Welcome back to our new series, where we take a look back at the highest-grossing films of each year. The last time out we reviewed the 1916 classic, Stuart Paton’s 20,000 Leagues Under The Sea. This time we return to our old friend Mary Pickford and in one of only two of her collaborations with Cecil B DeMille in A Romance of the Redwoods.
A Romance of the Redwoods is an odd film in that it’s entire existence was due to Mary Pickford and Adolph Zukor having an almighty spat due to the possibility that Poor Little Rich Girl. (where 24-year-old Pickford plays a 10-year-old. For those unaware she would constantly play a child on screen, read more about her in our piece here) Anyway, Zukor had surmised from a preview screened to the studio that the film would be a dud and that Pickford’s creative control had gotten out of hand, thus she was sent to film two films with the great Cecil B Demille. Pickford, of course, protested this as she had become accustomed to choosing her own projects and to be forced into projects were an affront to her. Despite this, they worked amicably and all seemed to go well. Old Studio Hollywood was an interesting time…
Jenny Lawrence (Pickford) is a young woman who is forced to go West (apt considering the real-life consequences of having to go to Hollywood to film the picture) and live with her uncle after her mother’s death. Unbeknownst to Jenny, her uncle has been murdered by Indians and the outlaw “Black” Brown (Elliot Dexter) has assumed his identity. What happens when she finds out his identity and will he be able to get away with his banditry?
Having (rather shamefully) never really watched or remember watching a Cecil B DeMille film before I did not know quite what to expect here and to although the title highlighted to a romance. I never truly assumed it would be between the two due to Brown being Jenny’s “Uncle”. The early 20th Century was a different time and this matters not,
Mary Pickford rarely got to play roles such as this and it is a shame as she truly seemed to thrive on being an older character closer to her own age. This was obviously before her time when she would be THE star of Hollywood, so the pressure was off her a little in comparison to her later years as an actress. With Jenny she doesn’t play the clueless woman, she knows Brown is not her uncle but plays along for her own safety. Even when she begins to fall for him, she makes sure that her safety is paramount and uses her smartness to navigate herself and Brown out of a very tricky situation.
This tale has been played out in one way or another for many years, even at this point in cinema and stage. Can the innocent woman help turn the bad guy straight through love? But to make both of them happy he just needs to carry out one last job. Hell, it is even utilised in the present day. An easy movie to sell to audiences looking for a romance film to watch. Time hasn’t changed at all! What helps A Romance of the Redwoods is the chemistry between Pickford and Dexter. They work very well off one another and when they do begin to fall in love with one another DeMille tries to play innocent with the audience by having each sleeping in the barn alone and then pointedly when feelings are shared the barn isn’t seen again. Very savvy DeMille.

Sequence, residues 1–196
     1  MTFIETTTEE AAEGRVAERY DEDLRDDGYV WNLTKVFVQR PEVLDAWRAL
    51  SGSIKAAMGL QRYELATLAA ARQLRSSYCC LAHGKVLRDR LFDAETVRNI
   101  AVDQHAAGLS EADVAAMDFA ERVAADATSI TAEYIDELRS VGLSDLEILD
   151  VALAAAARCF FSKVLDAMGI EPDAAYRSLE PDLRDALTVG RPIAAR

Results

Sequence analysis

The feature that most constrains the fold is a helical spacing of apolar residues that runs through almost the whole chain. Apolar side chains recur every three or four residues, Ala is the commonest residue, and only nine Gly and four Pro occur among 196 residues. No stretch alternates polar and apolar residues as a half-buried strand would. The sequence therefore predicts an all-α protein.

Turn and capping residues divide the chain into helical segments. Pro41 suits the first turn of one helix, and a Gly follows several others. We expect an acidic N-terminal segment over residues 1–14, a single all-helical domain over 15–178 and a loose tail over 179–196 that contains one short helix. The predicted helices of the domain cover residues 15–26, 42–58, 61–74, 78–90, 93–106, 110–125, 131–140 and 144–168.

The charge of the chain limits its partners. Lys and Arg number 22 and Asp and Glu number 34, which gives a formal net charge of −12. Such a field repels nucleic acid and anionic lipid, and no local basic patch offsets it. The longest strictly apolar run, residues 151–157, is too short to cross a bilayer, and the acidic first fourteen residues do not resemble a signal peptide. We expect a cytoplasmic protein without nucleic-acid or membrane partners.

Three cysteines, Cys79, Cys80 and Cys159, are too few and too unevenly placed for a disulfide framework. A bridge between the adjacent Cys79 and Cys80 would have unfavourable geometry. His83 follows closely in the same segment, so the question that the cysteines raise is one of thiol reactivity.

What helps A Romance of the Redwoods stand out apart from the strong performances is obviously the direction and cinematography of De Mille. There is a lot of confidence with the direction, allowing a lot of space for the characters to roam around in instead of keeping everything stationary. He also allows the actors to emote more without the use of text cards. You barely need them in comparison to other films where they are a necessity. He allows us time with the characters and importantly time to allow us to believe that Brown can change his ways. Some other films of the era would try to rush this part to get through to the main story. This is an important reason as to why DeMille was as important as a director. The pacing of the story is as close to perfection as it could get.
However, like most films of the era and even to the present day, it is hard to find a suitable resolution to such a plot that can keep the audience happy. While I applaud them for allowing Jenny to be smart enough to figure out an escape it is still a bit of a stretch that it would work. But, this is an issue for all melodrama films, the ending is always a sticking point and they always will be.
In the end, we have a great film that has probably been remade without our knowledge on numerous occasions throughout the years. Pickford and Dexter work terrifically together and DeMille is on top form as a director. There is a lot to enjoy and take away from the film. A perfect Sunday matinee.
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